Today, the US Federal Communications Commission (FCC) approved far-reaching new information privacy rules that will govern how providers of broadband Internet access service collect, use, protect, and share data from their subscribers. These new rules, which were adopted by a 3 to 2 vote, are intended to fill a consumer protection gap that was created by the FCC’s reclassification of broadband Internet access service (or BIAS) as a Title II common carrier service as part of the 2015 Open Internet Order (the Federal Trade Commission (FTC) does not have jurisdiction over common carriers acting as common carriers). Although the full text of the today’s privacy order (the Order) has not yet been released, the agency provided a general outline of its new rules.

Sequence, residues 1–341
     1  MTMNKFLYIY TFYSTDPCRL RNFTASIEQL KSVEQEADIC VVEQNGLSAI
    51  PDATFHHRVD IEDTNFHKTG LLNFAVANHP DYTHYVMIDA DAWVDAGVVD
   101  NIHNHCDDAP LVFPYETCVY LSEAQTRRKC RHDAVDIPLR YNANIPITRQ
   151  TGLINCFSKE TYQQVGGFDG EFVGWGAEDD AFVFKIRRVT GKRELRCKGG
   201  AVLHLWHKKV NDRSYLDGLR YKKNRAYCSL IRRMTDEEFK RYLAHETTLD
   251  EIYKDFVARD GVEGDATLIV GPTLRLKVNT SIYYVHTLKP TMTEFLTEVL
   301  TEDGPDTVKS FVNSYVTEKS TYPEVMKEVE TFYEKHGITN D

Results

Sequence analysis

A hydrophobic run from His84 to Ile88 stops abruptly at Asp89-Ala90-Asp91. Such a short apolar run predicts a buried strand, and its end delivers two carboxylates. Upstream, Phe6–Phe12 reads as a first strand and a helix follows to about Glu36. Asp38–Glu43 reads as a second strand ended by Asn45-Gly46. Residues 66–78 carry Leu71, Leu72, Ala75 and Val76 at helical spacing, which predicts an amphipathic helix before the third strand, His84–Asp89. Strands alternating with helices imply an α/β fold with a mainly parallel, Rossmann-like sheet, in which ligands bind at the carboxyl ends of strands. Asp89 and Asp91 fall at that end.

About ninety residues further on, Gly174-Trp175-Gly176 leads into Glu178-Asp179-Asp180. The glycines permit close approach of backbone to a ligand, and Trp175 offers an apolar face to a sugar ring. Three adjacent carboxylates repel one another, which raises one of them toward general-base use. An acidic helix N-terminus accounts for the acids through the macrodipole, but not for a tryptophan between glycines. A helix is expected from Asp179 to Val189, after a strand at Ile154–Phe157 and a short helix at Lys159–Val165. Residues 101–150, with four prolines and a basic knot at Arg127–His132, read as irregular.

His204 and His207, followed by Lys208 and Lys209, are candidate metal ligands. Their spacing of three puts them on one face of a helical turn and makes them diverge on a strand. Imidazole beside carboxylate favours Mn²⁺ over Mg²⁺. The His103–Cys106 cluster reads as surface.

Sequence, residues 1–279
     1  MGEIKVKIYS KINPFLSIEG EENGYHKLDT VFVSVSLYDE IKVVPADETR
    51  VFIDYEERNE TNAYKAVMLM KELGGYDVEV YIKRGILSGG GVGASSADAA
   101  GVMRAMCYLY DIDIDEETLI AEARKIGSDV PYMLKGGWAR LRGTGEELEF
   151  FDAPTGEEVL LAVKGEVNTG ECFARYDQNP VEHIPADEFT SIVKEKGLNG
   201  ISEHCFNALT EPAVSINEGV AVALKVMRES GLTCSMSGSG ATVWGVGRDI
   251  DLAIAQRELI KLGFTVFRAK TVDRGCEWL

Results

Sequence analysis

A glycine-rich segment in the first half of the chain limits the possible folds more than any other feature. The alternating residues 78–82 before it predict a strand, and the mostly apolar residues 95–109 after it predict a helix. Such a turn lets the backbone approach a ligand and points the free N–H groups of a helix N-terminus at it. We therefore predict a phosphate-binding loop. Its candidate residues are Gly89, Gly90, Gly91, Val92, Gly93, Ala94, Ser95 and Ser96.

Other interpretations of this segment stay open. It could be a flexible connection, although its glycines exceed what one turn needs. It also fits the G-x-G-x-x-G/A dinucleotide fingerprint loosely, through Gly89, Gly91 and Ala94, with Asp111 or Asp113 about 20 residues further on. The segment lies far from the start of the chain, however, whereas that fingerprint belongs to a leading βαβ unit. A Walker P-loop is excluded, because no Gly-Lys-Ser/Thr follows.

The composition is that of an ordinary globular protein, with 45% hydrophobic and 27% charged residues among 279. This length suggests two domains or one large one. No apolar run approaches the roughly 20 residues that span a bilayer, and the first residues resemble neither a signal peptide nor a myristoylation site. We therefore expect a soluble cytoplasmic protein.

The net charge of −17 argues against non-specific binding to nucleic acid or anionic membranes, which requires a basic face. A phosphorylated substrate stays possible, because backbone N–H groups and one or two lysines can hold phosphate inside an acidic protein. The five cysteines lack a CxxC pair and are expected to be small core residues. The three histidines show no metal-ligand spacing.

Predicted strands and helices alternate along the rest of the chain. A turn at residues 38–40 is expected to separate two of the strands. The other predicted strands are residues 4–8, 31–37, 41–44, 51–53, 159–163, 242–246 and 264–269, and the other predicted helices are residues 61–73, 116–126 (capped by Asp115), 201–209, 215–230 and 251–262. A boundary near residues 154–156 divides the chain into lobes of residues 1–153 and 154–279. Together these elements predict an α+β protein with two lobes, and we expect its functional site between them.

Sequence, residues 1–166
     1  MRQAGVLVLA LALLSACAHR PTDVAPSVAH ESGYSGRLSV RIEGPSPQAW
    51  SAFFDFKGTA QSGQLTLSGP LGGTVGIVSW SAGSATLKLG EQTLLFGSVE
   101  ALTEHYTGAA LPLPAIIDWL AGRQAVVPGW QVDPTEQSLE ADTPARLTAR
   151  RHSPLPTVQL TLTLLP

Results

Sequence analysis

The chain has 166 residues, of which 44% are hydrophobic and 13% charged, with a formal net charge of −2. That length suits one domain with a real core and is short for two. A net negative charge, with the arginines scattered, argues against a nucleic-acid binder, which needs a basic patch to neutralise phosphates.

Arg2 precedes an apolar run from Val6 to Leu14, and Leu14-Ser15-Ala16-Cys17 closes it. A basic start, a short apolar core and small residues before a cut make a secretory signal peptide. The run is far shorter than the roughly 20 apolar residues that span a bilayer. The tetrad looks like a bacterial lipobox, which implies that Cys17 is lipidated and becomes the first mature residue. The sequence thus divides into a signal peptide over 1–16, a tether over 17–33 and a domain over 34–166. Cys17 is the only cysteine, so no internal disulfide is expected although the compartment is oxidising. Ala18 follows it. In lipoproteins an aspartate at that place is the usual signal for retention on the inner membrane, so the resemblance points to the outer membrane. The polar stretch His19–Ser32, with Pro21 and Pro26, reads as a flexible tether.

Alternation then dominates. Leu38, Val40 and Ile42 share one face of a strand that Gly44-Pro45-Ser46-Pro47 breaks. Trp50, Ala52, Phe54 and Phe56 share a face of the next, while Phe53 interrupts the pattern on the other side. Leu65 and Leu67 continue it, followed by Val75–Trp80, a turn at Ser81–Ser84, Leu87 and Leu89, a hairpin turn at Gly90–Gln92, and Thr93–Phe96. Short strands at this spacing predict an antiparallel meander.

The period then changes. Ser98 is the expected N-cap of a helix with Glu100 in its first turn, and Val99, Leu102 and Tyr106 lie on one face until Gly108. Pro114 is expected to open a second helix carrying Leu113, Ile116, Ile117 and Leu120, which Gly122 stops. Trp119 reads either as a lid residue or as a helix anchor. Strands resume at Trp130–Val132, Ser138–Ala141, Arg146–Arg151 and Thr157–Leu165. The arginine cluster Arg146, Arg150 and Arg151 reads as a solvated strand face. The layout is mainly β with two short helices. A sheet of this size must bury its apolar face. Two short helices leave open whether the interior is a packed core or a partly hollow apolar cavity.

Today’s privacy rules are the result of a process that began in March, when the FCC circulated a Notice of Proposed Rulemaking (NPRM) on implementing Section 222’s privacy obligations for broadband providers. Section 222 was applied to broadband providers as part of the 2015 Open Internet Order, but until today’s Order the precise privacy obligations of broadband providers was not clear. The FCC’s NPRM had initially proposed sweeping new rules that in many ways went beyond the existing privacy framework of the FTC. For example, while the FTC has long embraced a unified, “technology neutral” approach applied equally to ISPs, websites, and all other participants in the Internet ecosystem, the FCC’s proposals focused solely on regulating ISPs. Moreover, whereas the FTC’s approach historically has turned on the sensitivity of the information being collected, used, or shared, the FCC’s initial proposal would have treated all forms of customer information equally, whether the information was a Social Security number or merely the customer’s first and last name. And while the FTC imposes a reasonableness standard for data security practices, the FCC proposed that broadband providers be required to “appropriately calibrate” their security practices to the data being collected, without an apparent reasonableness standard. The FTC, in its comments to the FCC in this proceeding, suggested changes to the FCC’s proposal that would bring the two privacy regimes into greater harmony. Although the FCC did not accept all of these changes—and never wavered from its focus on regulating only ISPs—the final product is significantly changed from what we first saw in the NPRM. Continue Reading